As a new mother of two and a two-time Olympic gold medalist, it seems like being sexy would be at the bottom of Kerri Walsh's list. But the athlete called "6 feet of sunshine" says she would agree that beach volleyball is the sexiest sport in the Olympics.
She says the sexiness is "just a natural part of the sport because we're on the beach and in the sand and we're wearing what we're wearing."
But before critics blast Walsh for the statement, hear her out: She says her two-piece bikini is a performance-enhancing uniform. "It is much like track or like swimmers," she says. "You have sand everywhere and you're pouring sweat and you're diving and getting up and you want to be streamlined."
In fact, she's downright proud of her competitive attire. "I am wearing a very sporty, very functional bikini, which is my uniform," she explains.
As she points out, it isn't like she is strutting down the beach in a teeny bikini typically reserved for Sports Illustrated models. "Early in my career a lot of people were like, 'Kerry how could you do this? Women have come so far,' and I feel the opposite. I feel empowered. I feel like I am showing a healthy, strong woman," the Team Kellogg member says.
"I do love the fact that I can be a good role model for young girls and women who aspire to do these things."
Despite the fact that she's comfortable in her own skin, the skimpiness of the uniform originally discouraged other countries from competing in the sport at the Olympic Games, leading the International Volleyball Federation to redefine women's uniforms. At the London 2012 Games, women will be permitted to wear shorts and sleeved tops.
Walsh is all for the rule change. "I love the fact that this new rule is allowing more teams to compete and to feel comfortable competing," she says. "This is going to open up our sport to different cultures and to different countries and that to me is just positive all the way around."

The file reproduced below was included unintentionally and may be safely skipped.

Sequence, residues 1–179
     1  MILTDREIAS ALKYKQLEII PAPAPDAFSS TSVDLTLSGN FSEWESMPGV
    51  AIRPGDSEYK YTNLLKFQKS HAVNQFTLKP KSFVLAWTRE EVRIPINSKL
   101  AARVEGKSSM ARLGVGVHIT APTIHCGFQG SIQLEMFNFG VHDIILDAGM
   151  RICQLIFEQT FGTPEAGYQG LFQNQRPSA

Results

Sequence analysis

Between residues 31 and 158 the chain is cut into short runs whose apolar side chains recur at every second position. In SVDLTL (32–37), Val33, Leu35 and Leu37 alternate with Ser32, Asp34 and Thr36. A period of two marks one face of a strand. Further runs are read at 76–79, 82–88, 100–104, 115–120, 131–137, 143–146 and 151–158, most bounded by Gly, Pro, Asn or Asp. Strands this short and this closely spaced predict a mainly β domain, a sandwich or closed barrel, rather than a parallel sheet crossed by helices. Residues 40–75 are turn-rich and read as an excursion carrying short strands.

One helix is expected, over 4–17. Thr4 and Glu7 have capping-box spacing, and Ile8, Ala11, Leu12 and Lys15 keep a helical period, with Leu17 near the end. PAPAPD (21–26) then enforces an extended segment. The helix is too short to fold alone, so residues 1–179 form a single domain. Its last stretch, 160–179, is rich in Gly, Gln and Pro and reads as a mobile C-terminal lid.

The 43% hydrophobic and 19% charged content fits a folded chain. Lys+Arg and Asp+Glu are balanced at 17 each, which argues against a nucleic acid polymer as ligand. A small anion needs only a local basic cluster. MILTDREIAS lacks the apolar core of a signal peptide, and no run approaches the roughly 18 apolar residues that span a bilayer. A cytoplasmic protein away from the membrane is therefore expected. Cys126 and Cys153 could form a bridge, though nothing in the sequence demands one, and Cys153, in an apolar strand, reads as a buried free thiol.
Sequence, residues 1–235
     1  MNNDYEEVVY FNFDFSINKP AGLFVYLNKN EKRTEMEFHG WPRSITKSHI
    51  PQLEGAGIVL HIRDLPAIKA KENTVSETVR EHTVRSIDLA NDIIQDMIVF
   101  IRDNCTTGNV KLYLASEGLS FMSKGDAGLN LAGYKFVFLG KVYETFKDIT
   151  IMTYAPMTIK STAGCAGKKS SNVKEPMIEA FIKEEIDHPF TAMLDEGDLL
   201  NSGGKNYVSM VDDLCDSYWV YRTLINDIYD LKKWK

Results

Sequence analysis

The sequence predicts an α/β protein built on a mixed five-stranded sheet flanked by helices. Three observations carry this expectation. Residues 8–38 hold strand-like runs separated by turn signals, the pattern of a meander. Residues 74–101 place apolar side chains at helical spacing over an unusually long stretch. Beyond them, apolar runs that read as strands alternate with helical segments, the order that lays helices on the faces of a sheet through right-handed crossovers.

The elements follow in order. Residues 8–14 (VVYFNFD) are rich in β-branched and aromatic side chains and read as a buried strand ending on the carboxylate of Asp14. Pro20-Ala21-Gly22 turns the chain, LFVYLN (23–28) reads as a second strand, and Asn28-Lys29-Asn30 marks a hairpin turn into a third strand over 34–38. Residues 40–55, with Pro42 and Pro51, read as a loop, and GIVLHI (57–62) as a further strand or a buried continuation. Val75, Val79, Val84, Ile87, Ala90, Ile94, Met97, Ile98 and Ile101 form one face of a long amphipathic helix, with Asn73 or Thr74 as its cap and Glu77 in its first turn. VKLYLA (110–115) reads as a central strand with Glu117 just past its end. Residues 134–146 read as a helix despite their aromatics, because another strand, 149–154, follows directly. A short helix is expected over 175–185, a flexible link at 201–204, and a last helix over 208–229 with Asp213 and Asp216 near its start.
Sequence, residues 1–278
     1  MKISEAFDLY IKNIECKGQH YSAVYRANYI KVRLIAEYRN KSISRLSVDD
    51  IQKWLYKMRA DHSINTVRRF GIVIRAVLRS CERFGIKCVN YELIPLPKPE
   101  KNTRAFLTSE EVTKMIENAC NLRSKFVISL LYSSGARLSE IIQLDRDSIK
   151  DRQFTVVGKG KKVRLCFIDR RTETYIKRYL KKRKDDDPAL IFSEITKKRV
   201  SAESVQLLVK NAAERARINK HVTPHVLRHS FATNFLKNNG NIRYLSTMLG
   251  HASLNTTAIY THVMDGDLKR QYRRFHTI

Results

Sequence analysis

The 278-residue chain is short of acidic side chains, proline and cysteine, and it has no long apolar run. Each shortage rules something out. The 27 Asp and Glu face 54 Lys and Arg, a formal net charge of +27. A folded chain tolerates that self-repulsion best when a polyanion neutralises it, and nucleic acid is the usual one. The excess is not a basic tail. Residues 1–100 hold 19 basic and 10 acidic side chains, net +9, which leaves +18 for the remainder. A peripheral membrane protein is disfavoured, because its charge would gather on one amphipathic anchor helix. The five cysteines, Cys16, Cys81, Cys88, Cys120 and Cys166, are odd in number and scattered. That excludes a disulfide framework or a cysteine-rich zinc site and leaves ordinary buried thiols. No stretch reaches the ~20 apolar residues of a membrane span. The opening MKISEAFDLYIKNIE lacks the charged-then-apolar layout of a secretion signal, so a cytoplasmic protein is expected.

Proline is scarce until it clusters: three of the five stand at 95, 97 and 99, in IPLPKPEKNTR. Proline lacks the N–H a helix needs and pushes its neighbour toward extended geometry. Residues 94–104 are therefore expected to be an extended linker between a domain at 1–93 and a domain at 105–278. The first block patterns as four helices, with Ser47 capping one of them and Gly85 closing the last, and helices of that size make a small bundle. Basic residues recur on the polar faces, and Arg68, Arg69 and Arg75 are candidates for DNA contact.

With only two months before the Olympic Games, she says this time around will be wildly different than the competitions in Athens and Beijing. For starters, she'll be toting her two sons Joey, 3, and Sundance, 2, across the pond. "I feel like I have this chance to do something so amazing, which is to put together two of my dreams: to be the best in the world on the beach volleyball court and to be the best mommy I can be," she explains.
Mommy duties aside, make no mistake, Walsh and her partner, Misty May-Treanor, will be there to grab the gold for the third time. "Our expectation is that we're going to win. … we're preparing to take on the first seed through the 24th seed and not put one over the other," she says.
The competition itself will be grueling, but Walsh notes the importance of their mental game in pursuing gold. "We're our biggest enemies," she explains. "If we let self doubt creep in or if we just get tight, that's where we're in trouble, but if we're playing well and we're pretty dang tough to beat."
But nabbing the gold medal may be bittersweet for the pair. After playing 10 seasons together, May-Treanor has announced plans to retire following this competition. This revelation seems to be driving the pair harder than ever.
"We're in a place now where we're like, 'Hey, this could be our last time together. Let's really do this,' " Walsh says. "We're playing for each other to a certain extent and that's a really fun place to be. "
More importantly, though, new mom Walsh says her partner is more than just the other half of an Olympic medal-winning team. "We have a lot of love and respect for each other and we have since day one," she says. "She is my family, at this point, and I love her with all of my heart."
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